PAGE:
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Major Chinese cities are making it easier to buy homes to boost the depressed real estate market

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Two major cities in China have lifted all remaining restrictions on home buying, a sign that local governments are trying to revive the embattled real estate sector and boost growth in the world’s second-largest economy.

Hangzhou, a city of 12.5 million and home to tech giant Alibaba and EV maker Geely, has eased restrictions on its real estate market since early 2022. Restrictions were lifted in most districts last October and restrictions on second home purchases were eased in March. .

Now it goes one step further. From May 9, the city will no longer check social security information or ‘hukou’ registration status of prospective buyers, according to a statement released by Hangzhou Housing Security and Real Estate Administration on Thursday.

Under China’s hukou system, each citizen is required to have only one registered residence, which determines access to social benefits and other public services.

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Xi’an, a northwestern city of 13 million people, announced a similar move on Thursday.

Other cities have also made great strides to make the process of purchasing real estate easier.

This photo taken on July 12, 2021, shows an apartment building with balconies covered in plants in a residential community in Chengdu in China's southwestern Sichuan province.  - STR/AFP/AFP via Getty Images

This photo taken on July 12, 2021, shows an apartment building with balconies covered in plants in a residential community in Chengdu in China’s southwestern Sichuan province. – STR/AFP/AFP via Getty Images

Chengdu, home to 21.4 million residents, announced last week that it will completely remove restrictions on home purchases from April 29. It would no longer assess the eligibility of potential home buyers, including their household registration status, social security benefits or other conditions. There would be no restrictions on the number of homes people can buy, the report said.

Changsha, the capital of Hunan province, has also lifted restrictions on home buying since last month.

China’s real estate market has been in crisis since 2020, when the government cracked down on excessive borrowing by developers to rein in their high debt levels. The crackdown led to the eventual collapse of Evergrande, once the country’s second-largest homebuilder. Other major developers have since become insolvent, leaving millions of apartments unfinished.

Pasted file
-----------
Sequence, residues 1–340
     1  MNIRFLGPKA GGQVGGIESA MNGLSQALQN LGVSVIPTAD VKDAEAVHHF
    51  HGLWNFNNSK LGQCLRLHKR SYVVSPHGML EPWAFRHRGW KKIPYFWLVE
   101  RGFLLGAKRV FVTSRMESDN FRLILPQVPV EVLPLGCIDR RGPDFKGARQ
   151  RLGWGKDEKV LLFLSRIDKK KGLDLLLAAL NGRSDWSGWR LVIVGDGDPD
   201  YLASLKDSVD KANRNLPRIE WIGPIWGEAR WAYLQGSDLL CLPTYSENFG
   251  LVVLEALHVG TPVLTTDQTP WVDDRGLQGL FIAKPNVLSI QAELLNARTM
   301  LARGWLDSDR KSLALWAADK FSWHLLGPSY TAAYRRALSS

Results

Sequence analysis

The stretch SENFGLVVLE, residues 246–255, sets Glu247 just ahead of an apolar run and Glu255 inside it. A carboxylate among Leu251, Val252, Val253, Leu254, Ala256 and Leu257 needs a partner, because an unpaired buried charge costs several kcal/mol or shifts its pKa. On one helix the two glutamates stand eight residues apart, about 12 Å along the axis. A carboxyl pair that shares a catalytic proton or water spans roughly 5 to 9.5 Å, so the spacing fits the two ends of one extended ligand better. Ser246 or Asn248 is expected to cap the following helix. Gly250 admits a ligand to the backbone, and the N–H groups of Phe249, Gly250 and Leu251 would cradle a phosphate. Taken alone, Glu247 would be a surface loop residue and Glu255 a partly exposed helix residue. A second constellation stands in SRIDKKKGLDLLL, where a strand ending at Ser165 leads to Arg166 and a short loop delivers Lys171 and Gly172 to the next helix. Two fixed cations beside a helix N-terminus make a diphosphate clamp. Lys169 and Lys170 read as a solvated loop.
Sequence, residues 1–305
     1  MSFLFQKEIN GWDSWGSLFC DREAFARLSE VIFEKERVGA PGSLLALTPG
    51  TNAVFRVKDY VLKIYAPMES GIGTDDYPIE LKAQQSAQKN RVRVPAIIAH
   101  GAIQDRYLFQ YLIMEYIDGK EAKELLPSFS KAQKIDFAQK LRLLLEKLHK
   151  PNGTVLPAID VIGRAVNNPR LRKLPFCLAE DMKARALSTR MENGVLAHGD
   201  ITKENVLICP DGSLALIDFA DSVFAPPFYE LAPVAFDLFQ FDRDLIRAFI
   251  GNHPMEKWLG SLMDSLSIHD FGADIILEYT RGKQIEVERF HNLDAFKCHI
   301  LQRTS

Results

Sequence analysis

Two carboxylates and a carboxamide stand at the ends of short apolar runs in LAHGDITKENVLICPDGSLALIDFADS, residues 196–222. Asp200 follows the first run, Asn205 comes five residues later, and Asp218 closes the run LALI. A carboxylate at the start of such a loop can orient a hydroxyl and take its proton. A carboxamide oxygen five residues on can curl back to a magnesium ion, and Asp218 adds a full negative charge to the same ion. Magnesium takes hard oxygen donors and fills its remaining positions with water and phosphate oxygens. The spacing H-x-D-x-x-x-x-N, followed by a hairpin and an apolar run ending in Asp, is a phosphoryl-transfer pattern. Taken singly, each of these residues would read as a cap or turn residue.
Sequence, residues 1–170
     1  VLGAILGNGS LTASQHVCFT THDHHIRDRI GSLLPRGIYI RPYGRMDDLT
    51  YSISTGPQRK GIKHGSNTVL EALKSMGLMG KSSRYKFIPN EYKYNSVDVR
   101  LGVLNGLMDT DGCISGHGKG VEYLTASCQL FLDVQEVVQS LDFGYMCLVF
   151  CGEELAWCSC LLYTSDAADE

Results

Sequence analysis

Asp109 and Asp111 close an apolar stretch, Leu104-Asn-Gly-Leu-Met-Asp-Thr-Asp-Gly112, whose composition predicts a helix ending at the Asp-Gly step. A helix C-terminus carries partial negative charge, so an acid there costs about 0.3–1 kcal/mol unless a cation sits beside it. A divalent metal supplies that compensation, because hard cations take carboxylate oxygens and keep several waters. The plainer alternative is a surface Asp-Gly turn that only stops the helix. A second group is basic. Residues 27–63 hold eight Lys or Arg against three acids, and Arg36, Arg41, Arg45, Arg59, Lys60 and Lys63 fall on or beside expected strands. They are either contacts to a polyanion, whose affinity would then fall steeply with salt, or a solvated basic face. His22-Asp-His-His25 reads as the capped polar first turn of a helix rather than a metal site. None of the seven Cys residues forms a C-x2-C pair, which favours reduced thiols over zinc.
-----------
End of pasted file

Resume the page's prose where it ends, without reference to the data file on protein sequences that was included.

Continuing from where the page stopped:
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Beijing has scrambled to contain the crisis, which has become a major drag on the economy and sparked nationwide protests by homebuyers.

But the stimulus measures taken so far, including a series of mortgage rate cuts and piecemeal measures to ease cuts in home purchases, have failed to revive the sector as demand has remained weak.

Last week, the Politburo, a top decision-making body of the Chinese Communist Party, pledged to explore new measures to tackle the housing crisis, including implementing “city-specific” policies to reduce housing stock.

But a UBS survey on Wednesday found Chinese people’s intentions to buy homes remain tepid.

The share of respondents planning to buy a home in the next two years remained weak at 23%, the same level as in March 2023, the survey said. The share of respondents who have no plan at all to buy a home was 47%, a record high.

Respondents cited income growth and policy measures, such as interest rate cuts and government subsidies, as the most important factors in boosting confidence.

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“Looking ahead, job promotion and salary increases remain the most important factors that can boost the confidence of those with weaker sentiment,” the study said.

The analysts expect that the government will soon try to organize a bailout for the sector by allowing local authorities to buy vacant properties.

“The April Politburo meeting set a more supportive tone for the real estate sector, prioritizing the reduction of existing housing inventory,” they said.

“This could indicate that more local authorities may be allowed to purchase homes directly from the market for social housing purposes.”

Xiaofei Xu contributed reporting.

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